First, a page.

Cushing’s Syndrome: Causes, Symptoms, and Treatment

During this year’s commemoration of Rare Diseases, Leonard Saig M.D. a director at Bnei Zion Haifa spoke about Cushing’s syndrome, also called hypercortisolism. Cushing’s syndrome is rare and difficult to diagnose. According to an article in Tekdeeps, Dr. Harvey Cushing discovered the syndrome in 1912.

Although it is most often caused by steroids, Cushing syndrome may also develop from the use of cortisol medication used to treat asthma or rheumatoid arthritis. Other causes are tumors in the pituitary or adrenal gland.

About the Symptoms

Many of Cushing’s symptoms are not specific. The symptoms are varied, and therefore, diagnosis is difficult.

Known symptoms are:

  • Accumulation of fat in many body areas
  • Red and rounded face
  • Weight gain mostly mid-body
  • Accumulation of fat in the patient’s back
  • Accumulation of fat in the neck
  • Sensitive skin prone to bleeding
  • Acne
  • Purplish stretch marks
  • Fatigue, sleep disorders, anxiety, depression
  • Sexual disorders
  • Infertility
  • Weakness in thigh and shoulder muscles
  • High blood pressure
  • Raised blood sugar
  • Raised cholesterol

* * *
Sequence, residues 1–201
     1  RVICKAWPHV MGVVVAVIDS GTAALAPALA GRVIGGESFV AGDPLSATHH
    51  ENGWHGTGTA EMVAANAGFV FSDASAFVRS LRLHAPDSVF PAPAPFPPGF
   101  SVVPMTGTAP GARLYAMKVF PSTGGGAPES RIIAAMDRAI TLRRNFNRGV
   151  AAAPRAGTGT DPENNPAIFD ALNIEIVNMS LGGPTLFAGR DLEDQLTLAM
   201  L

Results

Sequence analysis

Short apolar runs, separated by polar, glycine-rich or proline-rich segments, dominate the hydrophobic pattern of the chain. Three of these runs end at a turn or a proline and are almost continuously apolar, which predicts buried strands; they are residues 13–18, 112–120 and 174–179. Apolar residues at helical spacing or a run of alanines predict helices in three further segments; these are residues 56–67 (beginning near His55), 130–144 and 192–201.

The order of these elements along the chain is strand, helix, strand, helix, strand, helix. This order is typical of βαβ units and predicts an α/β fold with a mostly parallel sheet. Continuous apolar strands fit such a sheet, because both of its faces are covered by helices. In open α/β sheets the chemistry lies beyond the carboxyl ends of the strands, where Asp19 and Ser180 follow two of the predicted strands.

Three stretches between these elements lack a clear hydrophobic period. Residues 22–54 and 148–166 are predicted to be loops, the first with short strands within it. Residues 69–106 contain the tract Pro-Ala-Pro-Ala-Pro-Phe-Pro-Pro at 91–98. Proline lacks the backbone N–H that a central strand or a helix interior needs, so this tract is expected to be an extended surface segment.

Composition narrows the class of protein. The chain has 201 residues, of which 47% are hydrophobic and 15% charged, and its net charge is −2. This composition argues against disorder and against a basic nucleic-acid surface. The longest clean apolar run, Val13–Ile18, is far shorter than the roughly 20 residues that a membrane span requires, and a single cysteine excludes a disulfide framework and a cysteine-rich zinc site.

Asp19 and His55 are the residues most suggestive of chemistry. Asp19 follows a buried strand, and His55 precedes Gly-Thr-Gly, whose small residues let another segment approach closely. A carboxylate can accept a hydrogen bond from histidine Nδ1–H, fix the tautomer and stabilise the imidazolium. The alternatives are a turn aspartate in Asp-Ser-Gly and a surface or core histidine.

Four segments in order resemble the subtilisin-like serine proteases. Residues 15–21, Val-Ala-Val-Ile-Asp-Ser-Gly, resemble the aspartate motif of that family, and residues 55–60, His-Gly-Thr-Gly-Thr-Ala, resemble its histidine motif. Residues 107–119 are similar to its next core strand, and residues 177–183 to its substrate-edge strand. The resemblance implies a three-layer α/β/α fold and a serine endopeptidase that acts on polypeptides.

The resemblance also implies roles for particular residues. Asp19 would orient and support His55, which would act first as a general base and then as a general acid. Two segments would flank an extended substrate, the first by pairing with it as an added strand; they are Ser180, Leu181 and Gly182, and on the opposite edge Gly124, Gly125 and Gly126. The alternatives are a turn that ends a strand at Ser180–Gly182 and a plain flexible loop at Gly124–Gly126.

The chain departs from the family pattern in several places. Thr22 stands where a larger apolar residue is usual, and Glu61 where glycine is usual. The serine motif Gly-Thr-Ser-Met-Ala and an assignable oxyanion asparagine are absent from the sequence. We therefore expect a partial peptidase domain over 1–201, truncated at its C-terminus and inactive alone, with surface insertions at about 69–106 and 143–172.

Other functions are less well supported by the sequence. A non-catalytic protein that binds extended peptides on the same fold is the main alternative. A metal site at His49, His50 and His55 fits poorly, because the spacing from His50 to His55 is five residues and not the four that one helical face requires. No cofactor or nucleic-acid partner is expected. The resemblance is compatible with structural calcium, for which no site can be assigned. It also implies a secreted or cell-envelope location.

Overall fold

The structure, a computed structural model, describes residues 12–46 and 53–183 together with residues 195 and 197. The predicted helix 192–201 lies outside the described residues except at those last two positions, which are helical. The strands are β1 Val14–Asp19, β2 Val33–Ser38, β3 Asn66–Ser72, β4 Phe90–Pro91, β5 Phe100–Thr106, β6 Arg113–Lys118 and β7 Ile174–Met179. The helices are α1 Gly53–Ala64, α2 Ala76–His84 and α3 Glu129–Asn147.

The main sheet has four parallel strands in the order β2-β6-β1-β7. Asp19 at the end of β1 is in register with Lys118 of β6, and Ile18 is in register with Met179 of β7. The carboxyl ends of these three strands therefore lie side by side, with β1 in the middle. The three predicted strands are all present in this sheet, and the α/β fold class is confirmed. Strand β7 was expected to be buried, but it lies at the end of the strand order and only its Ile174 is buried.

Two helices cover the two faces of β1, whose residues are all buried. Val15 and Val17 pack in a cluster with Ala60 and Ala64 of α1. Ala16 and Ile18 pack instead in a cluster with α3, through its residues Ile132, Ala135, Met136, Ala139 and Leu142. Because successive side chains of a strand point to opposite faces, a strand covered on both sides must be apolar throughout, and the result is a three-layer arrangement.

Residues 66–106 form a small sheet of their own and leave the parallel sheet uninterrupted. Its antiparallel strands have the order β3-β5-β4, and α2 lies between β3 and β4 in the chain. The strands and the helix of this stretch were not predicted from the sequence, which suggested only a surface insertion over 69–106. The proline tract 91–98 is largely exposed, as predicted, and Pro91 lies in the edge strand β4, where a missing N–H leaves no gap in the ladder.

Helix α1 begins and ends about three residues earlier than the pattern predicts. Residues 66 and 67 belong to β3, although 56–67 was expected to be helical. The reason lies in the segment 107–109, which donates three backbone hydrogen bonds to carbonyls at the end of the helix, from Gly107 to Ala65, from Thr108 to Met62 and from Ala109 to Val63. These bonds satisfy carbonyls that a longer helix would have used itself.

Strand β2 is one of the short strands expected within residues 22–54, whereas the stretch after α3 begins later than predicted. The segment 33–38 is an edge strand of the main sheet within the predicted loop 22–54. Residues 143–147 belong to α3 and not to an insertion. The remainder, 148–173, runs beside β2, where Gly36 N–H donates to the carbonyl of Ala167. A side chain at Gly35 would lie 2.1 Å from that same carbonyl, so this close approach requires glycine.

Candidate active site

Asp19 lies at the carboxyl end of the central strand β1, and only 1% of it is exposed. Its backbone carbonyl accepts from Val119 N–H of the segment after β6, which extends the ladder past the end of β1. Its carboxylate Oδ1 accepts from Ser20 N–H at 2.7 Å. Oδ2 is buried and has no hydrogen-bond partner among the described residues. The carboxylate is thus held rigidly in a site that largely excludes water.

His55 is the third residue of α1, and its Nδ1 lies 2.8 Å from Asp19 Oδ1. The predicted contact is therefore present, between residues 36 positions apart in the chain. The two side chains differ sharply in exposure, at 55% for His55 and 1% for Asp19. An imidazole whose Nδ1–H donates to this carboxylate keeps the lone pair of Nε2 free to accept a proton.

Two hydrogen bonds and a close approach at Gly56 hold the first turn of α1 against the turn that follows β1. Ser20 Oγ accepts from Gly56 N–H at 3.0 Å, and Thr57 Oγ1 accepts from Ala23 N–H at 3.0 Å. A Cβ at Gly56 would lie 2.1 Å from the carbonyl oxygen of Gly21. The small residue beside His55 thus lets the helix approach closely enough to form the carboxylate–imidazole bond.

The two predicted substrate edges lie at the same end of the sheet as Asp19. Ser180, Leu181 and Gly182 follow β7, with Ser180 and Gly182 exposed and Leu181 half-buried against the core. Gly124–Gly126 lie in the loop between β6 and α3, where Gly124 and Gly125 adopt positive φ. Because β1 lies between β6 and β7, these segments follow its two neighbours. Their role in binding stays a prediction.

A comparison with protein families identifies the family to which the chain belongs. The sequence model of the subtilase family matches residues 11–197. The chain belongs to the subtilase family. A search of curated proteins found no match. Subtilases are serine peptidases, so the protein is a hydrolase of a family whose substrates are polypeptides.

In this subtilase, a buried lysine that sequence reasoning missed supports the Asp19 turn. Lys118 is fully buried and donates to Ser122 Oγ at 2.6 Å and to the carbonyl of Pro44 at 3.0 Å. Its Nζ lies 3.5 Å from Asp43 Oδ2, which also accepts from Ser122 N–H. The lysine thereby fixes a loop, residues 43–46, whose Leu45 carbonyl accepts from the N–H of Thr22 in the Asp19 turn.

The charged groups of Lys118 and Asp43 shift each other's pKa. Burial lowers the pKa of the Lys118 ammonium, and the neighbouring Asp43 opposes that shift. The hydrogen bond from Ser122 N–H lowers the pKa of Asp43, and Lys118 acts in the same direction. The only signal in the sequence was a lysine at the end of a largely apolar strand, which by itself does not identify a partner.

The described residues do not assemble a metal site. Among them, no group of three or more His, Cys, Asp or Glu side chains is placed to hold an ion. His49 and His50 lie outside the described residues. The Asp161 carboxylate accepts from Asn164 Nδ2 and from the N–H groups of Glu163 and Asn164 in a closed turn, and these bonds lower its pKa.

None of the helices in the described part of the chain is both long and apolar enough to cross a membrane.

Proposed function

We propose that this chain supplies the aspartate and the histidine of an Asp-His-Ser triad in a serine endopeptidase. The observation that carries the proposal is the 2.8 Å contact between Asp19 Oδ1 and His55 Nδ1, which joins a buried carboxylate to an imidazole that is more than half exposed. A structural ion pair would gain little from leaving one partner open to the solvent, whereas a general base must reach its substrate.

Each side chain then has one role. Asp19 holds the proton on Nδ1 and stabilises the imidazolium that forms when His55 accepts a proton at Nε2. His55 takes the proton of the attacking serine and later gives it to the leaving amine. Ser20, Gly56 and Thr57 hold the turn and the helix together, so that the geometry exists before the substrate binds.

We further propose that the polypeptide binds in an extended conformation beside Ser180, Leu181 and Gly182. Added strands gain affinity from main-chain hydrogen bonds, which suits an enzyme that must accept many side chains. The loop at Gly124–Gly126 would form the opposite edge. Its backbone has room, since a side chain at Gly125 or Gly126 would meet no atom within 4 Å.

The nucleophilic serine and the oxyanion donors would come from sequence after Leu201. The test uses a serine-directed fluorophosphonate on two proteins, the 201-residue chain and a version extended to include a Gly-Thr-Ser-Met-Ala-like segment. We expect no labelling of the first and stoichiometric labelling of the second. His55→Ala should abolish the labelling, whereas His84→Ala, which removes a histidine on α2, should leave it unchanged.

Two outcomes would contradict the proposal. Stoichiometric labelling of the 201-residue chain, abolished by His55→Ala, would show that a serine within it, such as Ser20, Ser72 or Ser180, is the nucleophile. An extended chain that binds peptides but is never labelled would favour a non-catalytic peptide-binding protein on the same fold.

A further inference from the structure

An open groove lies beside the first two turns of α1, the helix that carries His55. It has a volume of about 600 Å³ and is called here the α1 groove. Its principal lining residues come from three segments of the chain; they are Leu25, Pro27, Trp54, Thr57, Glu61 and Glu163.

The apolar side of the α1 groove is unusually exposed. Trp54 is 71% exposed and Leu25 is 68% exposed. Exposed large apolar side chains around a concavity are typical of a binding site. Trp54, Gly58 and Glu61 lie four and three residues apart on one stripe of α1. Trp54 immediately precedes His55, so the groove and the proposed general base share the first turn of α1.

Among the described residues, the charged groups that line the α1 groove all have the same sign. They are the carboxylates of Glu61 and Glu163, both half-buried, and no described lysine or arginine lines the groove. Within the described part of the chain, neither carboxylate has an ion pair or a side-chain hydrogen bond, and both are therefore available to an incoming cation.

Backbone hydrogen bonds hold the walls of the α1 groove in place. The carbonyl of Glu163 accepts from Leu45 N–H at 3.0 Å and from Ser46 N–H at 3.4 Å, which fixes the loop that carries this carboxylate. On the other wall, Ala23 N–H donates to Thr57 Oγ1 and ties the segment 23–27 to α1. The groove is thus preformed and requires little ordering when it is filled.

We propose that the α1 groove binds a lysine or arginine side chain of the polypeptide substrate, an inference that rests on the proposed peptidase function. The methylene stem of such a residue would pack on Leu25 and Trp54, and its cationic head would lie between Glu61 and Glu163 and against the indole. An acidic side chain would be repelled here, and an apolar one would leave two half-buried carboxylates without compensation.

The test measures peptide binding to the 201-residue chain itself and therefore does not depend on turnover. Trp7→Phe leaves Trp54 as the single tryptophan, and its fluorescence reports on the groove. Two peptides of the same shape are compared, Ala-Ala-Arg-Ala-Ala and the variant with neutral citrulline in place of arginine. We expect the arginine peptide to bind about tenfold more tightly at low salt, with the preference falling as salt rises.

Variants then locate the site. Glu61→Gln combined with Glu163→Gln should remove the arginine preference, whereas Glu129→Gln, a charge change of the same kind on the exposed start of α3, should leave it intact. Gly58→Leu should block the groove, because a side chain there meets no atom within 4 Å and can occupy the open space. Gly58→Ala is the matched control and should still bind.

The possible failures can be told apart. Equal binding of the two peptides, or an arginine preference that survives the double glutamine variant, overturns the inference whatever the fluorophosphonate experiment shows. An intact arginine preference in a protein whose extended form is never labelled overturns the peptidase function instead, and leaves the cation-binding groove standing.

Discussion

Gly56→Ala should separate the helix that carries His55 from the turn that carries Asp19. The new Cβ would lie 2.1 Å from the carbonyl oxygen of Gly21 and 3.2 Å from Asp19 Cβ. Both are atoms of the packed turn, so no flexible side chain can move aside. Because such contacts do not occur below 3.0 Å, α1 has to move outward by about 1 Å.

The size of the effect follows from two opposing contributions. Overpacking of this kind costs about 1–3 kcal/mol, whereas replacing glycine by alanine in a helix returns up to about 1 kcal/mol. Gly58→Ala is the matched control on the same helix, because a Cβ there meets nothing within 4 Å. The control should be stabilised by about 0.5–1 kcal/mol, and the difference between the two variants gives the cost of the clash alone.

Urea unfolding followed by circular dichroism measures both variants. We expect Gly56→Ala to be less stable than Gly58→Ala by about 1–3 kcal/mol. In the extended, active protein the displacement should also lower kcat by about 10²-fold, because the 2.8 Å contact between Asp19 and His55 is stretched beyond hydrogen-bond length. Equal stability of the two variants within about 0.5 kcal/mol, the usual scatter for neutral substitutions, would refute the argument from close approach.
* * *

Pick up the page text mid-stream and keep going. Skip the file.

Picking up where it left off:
• Fractures and bone depletion

About Cushing Syndrome Complications

Complications are increased in areas such as:

  • Stroke and heart attacks
  • Blood clots that form in the lungs or legs
  • Infections
  • Fractures and bone depletion
  • High cholesterol levels
  • Memory or concentration
  • Diabetes and insulin resistance

About An Increase in Cortisol Secretion

Cushing’s “disease” is caused by an adenoma (a tumor that is not cancer) of the pituitary gland. These tumors secrete a hormone from the adrenal gland that produces cortisol.

Cushing’s Syndrome: The Treatment

The first step in treatment resulting from steroid use would be to reduce the dose or possibly substitute another drug.

Treatment for Cushing’s Syndrome that is the result of increased cortisol secretion are:

  • Surgery to remove the tumor
  • Medication to inhibit the production of cortisol
  • Radiation therapy in lieu of surgery

How One Patient Was Finally Diagnosed

 Noam Primor, age 29, began to have symptoms in June of 2021. She experienced a headache and dizziness. She went to the ER but was told that she had vertigo and was consequently dismissed.

However, the headache continued. After seeing several doctors, her primary care physician suggested that she see a neurologist. A CT scan showed an adenoma on the pituitary gland. Noam had more tests that showed her symptoms were a match for Cushing’s syndrome.

Surgery was advised and in August of 2021, Noam had successful brain surgery.

Rose Duesterwald

Rose Duesterwald

Rose became acquainted with Patient Worthy after her husband was diagnosed with Acute Myeloid Leukemia (AML) six years ago. During this period of partial remission, Rose researched investigational drugs to be prepared in the event of a relapse. Her husband died February 12, 2021 with a rare and unexplained occurrence of liver cancer possibly unrelated to AML.

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